Picking out (and possibly making and assembling) your invitations is a hard thing to do. There are so many pretty options that are available that can speak about you and your beau as a couple. However, there’s a lot of keep in mind when actually sending them out, too. The good news is that I’m here to give you a quick rundown of what you should know before popping those beauties in the mail!
Image credit: Yvonne Wong Photography via Southern Weddings
If you choose to have your invitation envelopes dressed up in formal calligraphy, that’s the very next step in your invitation preparation. Make sure that you have a complete and accurate list of everyone who is receiving the invitation, including their formal names with suffixes and titles, and full addresses (think P.O. boxes, apartment numbers, zip codes, and countries or provinces if you’re inviting international guests). Most calligraphers prefer to have names sent in a Word document, and almost all require addresses to be typed out (to cut down on legibility errors!).
When researching calligraphers, keep in mind your wedding style, your budget and your time frame. Calligraphers may request two or three weeks (sometimes more!) to complete your envelopes. If there’s no room in your budget for a professional calligrapher (and you’re like me and your handwriting isn’t so pretty), you can opt for machine calligraphy, which is more affordable.
Image credit: Southern Weddings
Envelopes and Addressing
The practice of using two envelopes — an inner one with the names of the invited guests and an outer one with the address and postal information — was to ensure that the guests received a pristine envelope with their invitation. Nowadays, it’s not necessary to use both. Either way, your invitations should be properly addressed. There are many variations and nuances when it comes to addressing your invitations, but here are some guidelines:
- Use full names.
- Use “Mr. and Mrs.”
- If one of them is a doctor, use “Doctor and Mrs.” or “Doctor and Mr.” Basically, the doctor comes first, whoever it is. If both of them are doctors, write “The Doctors X”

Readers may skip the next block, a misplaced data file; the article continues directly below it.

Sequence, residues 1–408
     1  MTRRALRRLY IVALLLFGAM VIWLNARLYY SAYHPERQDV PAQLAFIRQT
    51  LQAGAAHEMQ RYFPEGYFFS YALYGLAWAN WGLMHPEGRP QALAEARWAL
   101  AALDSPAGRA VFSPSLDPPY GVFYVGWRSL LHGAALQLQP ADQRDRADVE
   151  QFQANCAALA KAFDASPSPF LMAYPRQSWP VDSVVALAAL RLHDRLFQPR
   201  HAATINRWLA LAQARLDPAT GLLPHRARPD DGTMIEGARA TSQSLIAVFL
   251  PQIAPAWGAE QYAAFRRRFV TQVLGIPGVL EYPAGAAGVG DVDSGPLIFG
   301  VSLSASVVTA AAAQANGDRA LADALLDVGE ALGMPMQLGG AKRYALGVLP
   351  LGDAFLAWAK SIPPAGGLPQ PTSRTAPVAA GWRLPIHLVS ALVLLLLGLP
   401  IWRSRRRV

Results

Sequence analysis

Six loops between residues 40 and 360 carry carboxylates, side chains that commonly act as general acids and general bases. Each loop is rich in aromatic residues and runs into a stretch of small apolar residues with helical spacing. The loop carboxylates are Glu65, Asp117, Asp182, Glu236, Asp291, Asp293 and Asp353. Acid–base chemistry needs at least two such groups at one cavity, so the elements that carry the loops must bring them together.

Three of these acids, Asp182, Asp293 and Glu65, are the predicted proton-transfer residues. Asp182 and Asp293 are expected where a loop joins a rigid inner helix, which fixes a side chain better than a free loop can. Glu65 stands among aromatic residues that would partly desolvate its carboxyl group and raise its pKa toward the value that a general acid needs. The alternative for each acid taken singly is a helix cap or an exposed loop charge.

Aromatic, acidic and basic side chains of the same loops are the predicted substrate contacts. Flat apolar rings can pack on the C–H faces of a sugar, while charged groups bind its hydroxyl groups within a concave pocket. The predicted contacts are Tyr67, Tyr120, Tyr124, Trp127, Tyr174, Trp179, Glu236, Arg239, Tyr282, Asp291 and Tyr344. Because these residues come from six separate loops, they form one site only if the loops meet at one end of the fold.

- If they both have different professional titles, list the woman first.
- If they are married, write “and” between their names.
- If they are not married, but living together, write their names on separate lines without the “and.”
- Write out all numbers below 20 and all abbreviations in the address. (For example, “Thirteen Chapel Hill Avenue”)
Image credit: Focus Photography via Green Wedding Shoes
Stamps and Mailing
Your invitations are the first design element of your big day that guests will see, so feel free to dress up the envelope a bit with pretty stamps! I love seeing a bunch of vintage stamps artfully arranged on an envelope. You can find valid vintage stamps online and affix them to your invitations (just make sure that they add up to the proper postage amount!). We like The Paper Nickel, which sends you a variety of stamps in 44-cent packs so there’s less guesswork. They’ll also do custom orders, say if you want all of your stamps to be one color.
If vintage stamps aren’t your style, you can still personalize! The United States Postal Service gives you plenty of options when customizing your stamps or choosing from a wedding collection. Zazzle has a large selection of wedding stamps, but they also let you upload a photo to make your own or you can personalize one of their already-designed stamps.
If you would really like your invitations to arrive in pristine condition, consider having them hand-cancelled. This may be especially important to you if your invitations contain elements that could be easily damaged. Instead of running your invitations through a machine, hand-cancelling requires a person to just mark the stamp and imprint it with the name of the city or town. Since post offices are usually busy, the best bet is usually to ask (oh-so-sweetly) if they wouldn’t mind if you stood off to the side and hand-cancelled them yourself. Make sure to approach the friendliest face on duty with your request :)
Image credit: 100 Layer Cake
- Send envelopes to your calligrapher three or more weeks before you need them back to mail. (Double-check! Some calligraphers need longer.)
- Mail out your invitations about six to eight weeks before the wedding.
- Make sure your addresses are up-to-date, accurate, and thorough.
- Take a stuffed and completed invitation to your local post office to be weighed. It might take more than 44 cents to mail. Keep in mind that oversize or irregularly shaped invites might be more expensive to mail, too.
- Be careful of packaging elements that might cause your invitation not to lie flat, as it might have to be mailed differently.